- Read Jeanne Bliss’ Book, “Would you do that to your Mother?”: It gives real-life examples, like mine, where companies recognized they had a broken customer experience and reinvented it to provide customer satisfaction while still making money.
I’ve had far from favorable experiences with other companies but through communication with the support, I have been always able to get some sort of resolution that left me feeling we compromised but got through the difficult experience. After being a Priority Pass Holder for years, this experience has really moved me enough to write about it. I hope other customer experience leaders will read this as well and recognize the power of the voice-of-the-customer. With Social Media, the influence of friends-telling-friends, and the choices we have in products, mediocre or bad customer service isn’t good enough anymore.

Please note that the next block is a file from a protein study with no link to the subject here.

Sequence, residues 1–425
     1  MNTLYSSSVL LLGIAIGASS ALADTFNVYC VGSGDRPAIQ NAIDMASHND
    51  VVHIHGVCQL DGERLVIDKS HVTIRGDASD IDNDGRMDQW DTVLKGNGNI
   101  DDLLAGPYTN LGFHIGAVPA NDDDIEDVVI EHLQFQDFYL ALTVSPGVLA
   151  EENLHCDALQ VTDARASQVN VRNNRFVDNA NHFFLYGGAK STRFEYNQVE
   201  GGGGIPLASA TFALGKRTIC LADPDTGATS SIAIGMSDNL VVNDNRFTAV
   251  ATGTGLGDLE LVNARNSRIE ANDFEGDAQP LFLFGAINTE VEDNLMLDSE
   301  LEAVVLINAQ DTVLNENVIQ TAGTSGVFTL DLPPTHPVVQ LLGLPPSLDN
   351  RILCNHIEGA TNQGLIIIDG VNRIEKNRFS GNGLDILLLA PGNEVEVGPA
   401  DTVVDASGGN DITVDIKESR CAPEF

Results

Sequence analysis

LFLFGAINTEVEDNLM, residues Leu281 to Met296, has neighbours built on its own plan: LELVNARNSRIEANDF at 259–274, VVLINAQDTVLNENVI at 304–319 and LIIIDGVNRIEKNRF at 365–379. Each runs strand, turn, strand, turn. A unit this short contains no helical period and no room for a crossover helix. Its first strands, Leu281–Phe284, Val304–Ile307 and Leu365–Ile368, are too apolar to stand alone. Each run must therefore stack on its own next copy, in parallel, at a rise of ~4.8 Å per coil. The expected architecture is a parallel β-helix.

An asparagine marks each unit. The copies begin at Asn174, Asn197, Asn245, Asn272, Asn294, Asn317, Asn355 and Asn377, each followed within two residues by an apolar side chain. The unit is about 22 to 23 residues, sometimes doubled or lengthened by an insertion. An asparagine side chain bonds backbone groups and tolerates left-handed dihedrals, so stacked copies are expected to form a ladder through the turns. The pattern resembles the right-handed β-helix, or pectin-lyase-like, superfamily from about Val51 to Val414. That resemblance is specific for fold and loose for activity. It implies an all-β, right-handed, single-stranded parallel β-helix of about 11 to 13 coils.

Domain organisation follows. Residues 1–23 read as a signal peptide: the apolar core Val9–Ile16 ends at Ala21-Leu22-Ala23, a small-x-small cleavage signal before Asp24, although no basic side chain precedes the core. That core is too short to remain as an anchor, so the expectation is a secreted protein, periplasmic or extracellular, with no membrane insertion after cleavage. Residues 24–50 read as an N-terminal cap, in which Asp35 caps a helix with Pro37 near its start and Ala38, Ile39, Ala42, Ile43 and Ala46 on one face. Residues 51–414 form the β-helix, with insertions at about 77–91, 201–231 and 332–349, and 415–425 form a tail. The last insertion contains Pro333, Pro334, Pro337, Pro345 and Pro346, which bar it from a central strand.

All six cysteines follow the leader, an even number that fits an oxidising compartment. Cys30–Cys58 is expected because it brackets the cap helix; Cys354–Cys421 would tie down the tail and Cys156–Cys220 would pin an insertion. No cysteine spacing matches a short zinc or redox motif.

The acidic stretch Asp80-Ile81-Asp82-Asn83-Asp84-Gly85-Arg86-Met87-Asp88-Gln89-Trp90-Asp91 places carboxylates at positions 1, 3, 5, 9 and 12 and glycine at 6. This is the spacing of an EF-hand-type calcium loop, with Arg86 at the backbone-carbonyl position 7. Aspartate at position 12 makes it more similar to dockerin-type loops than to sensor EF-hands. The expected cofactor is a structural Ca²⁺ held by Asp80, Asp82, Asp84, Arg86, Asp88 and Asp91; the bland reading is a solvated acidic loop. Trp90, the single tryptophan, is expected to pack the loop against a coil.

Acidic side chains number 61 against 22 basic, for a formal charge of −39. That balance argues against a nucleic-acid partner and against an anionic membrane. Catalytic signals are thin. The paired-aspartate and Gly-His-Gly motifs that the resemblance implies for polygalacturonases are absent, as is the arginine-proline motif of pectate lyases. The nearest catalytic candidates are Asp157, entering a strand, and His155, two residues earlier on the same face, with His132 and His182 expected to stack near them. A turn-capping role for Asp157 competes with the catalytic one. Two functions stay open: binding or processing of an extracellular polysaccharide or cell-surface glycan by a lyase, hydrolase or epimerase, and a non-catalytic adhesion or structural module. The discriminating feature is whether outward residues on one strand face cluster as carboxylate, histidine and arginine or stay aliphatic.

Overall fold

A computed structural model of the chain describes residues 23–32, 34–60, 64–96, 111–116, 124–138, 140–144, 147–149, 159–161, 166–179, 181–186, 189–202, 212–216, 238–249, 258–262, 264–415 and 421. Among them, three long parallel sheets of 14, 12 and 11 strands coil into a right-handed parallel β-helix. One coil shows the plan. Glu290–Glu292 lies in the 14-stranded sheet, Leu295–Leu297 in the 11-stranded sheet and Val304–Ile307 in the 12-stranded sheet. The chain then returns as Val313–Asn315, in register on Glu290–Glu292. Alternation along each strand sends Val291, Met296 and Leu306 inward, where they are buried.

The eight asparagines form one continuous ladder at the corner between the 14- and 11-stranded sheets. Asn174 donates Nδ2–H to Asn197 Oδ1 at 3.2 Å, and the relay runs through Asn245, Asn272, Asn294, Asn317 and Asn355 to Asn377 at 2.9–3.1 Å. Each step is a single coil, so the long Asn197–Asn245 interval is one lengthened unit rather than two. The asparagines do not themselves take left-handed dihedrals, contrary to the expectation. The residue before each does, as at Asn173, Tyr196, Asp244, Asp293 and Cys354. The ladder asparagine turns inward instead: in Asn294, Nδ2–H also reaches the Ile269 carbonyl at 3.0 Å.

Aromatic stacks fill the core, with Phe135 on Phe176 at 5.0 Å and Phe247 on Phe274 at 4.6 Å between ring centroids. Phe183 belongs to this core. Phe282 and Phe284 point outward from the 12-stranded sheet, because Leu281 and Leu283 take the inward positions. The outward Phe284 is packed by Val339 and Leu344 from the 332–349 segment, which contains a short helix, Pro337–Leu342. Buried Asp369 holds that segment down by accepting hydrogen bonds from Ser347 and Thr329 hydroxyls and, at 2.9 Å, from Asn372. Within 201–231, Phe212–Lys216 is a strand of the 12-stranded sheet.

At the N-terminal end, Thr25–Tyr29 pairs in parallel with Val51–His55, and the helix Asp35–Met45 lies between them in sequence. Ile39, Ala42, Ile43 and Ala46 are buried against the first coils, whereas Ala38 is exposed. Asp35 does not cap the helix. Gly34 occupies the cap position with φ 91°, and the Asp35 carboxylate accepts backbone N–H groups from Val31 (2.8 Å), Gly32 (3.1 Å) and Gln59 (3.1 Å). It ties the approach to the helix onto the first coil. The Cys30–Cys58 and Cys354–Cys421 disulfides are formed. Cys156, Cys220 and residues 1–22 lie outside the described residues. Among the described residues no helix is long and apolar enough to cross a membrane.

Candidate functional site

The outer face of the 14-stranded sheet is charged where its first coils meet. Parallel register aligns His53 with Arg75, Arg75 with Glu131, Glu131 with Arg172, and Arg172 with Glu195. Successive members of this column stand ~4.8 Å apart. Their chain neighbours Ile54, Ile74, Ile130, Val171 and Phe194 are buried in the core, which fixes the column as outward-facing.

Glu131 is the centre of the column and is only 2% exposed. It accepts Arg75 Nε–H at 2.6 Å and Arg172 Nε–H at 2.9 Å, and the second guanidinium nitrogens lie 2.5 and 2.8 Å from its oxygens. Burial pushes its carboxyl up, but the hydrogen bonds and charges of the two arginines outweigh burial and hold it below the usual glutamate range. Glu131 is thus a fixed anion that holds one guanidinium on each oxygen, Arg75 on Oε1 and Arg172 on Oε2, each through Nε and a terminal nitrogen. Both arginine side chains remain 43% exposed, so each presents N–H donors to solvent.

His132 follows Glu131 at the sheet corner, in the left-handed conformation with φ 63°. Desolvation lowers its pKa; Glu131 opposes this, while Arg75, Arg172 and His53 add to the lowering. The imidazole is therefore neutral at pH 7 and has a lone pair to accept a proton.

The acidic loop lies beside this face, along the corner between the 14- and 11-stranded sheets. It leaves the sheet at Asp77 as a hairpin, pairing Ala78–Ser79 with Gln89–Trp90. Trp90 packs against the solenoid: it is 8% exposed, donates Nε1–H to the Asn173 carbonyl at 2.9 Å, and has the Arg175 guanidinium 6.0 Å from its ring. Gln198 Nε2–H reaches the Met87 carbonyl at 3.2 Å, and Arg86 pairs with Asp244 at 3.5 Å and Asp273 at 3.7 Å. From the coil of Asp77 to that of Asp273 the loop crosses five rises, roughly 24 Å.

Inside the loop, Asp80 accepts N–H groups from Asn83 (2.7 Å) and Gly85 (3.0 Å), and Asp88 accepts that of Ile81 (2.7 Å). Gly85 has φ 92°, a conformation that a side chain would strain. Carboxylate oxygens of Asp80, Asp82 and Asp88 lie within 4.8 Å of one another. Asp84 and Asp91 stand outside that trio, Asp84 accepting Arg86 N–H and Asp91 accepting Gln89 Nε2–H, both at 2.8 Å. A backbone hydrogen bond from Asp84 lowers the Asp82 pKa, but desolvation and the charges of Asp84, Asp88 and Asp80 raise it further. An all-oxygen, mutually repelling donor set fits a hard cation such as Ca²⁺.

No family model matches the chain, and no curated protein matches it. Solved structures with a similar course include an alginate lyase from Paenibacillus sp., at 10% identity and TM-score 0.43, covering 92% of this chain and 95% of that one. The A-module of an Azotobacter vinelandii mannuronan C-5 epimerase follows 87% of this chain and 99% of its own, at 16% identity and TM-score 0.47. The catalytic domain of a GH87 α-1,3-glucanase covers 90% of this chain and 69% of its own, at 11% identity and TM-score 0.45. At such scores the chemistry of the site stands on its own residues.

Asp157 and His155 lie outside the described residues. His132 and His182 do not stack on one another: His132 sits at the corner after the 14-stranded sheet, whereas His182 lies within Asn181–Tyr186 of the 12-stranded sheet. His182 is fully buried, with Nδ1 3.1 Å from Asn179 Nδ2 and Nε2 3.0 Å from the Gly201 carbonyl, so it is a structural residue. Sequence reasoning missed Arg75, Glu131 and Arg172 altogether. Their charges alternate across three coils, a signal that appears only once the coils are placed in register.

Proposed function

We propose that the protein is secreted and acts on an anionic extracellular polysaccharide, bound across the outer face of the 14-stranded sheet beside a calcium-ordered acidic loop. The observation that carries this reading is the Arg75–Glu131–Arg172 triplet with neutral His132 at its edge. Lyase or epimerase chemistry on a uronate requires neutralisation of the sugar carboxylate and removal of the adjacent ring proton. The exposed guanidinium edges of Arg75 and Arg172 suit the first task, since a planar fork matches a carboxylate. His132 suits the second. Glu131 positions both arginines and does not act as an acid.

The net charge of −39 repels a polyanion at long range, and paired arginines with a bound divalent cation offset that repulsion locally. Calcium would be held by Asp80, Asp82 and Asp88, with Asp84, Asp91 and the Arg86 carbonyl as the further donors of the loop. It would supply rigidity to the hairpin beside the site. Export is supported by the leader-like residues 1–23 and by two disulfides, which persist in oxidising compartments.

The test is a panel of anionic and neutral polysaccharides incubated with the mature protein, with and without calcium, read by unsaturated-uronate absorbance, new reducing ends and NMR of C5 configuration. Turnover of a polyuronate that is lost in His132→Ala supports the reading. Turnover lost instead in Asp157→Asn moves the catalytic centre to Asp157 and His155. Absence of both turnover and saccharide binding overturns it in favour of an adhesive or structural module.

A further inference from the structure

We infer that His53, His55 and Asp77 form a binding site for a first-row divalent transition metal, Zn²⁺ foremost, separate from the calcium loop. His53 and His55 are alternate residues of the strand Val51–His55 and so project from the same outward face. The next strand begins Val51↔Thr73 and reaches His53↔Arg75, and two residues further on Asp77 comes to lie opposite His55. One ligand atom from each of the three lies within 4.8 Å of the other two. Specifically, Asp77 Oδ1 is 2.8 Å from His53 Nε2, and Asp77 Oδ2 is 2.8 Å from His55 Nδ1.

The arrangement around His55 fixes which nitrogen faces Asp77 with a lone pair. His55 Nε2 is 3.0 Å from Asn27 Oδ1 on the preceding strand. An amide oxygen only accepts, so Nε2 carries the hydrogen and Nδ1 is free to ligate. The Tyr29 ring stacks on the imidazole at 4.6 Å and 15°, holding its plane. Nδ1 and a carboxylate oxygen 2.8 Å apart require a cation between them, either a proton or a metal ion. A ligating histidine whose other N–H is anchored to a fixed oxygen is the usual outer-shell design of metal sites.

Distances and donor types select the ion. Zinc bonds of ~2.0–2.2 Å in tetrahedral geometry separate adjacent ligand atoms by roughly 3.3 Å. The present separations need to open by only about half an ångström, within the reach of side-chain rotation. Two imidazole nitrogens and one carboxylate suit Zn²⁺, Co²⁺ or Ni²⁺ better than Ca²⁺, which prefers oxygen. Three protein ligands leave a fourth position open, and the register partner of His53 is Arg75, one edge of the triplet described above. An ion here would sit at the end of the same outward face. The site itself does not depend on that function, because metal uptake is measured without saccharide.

On a positive note, I called AMEX back after my poor experience with the phone email support and they gladly agreed to dispute the charge. They quickly understood the issue & agreed the partnership AMEX and Priority Pass Holds is important and would never charge a client a fee without having them understand:
- Exactly what they are paying for – provide a receipt, SOW etc depending on what industry you work for. Don’t beat around the bush. It will come back to bite you and cause churn.
- Show empathy
It’s time to rethink your customer experience from the customer’s point-of-view and start again.